Lyoto Machida is the real life embodiment of “The Karate Kid.”
In what ultimately served as Vitor Belfort’s final fight, Machida sent him out as a victim of another spectacular front kick knockout that earned “The Dragon” a second-round knockout in the opening bout of the UFC 224 main card.
It was a methodical pace early with Machida looking to control the distance from the outside, while Belfort was trying to find an opening for one of his patented flurries with punches.
Machida is notorious for slowing the pace in his fights and then luring his opponents into a false sense of security with a lower output and that’s exactly what unfolded once the second round got underway.
With Machida still keeping Belfort at distance, the former light heavyweight champion measured his opponent before unleashing a front kick that slammed his foot into the jaw of the future UFC Hall of Famer.
Immediately after the impact was felt, Belfort crumbled to the mat as Machida stood over top of him before bowing to his fallen opponent.
— UFC (@ufc) May 13, 2018
The end came at exactly 1:00 into the second round.
It was truly shades of Machida’s previous win against Randy Couture that sent him into retirement back in 2011 and now he’s finished the career of another legend with that same front kick knockout.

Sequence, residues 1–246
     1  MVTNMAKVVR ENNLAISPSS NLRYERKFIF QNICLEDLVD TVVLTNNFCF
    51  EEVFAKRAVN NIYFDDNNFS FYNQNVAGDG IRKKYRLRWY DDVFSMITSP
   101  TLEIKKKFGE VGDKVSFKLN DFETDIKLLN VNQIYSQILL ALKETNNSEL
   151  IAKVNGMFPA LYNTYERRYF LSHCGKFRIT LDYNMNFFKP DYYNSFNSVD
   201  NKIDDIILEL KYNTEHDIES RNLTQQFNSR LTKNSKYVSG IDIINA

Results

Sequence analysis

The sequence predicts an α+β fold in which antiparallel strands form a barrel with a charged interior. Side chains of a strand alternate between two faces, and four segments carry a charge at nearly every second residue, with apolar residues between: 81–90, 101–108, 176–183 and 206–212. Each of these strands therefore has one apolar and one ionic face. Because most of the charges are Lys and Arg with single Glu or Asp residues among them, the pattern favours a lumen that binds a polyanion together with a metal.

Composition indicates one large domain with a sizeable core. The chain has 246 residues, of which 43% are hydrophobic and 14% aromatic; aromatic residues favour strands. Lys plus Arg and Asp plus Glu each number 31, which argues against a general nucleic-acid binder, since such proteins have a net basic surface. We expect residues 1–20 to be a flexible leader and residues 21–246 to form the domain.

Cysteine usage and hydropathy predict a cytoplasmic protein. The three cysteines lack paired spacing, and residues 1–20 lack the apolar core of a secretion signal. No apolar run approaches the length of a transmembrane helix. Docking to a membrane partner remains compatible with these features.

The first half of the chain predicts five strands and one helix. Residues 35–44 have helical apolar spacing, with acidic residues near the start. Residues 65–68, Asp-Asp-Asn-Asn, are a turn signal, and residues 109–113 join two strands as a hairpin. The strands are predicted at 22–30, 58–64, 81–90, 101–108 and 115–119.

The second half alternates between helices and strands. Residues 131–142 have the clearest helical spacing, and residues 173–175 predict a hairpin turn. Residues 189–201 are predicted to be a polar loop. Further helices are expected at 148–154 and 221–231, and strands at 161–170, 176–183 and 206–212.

“I have a lot of respect for Vitor Belfort. He’s done a lot for this sport and everyone should have respect for him,” Machida said following the win.
As for what comes next, Machida is still holding out hope for a showdown with former middleweight champion Michael Bisping despite the fact that he’s stated that for all intents and purposes that he’s retired from the sport.
“Michael Bisping, I’m still waiting for you man,” Machida stated. “If you want to retire, you’ve got to fight me first.”
As for Belfort, his legendary career will come to an end after suffering the knockout loss to Machida on Saturday night. While it certainly wasn’t the way he wanted to go out, Belfort will undoubtedly coast into the UFC Hall of Fame in the very near future after a career that first started in the Octagon all the way back at UFC 12 in 1997.
“It’s been a long ride,” Belfort said before leaving his gloves in the middle of the cage. “It’s about the beginning, middle and end and I think I’ve come to the end. I’m leaving my glove here.”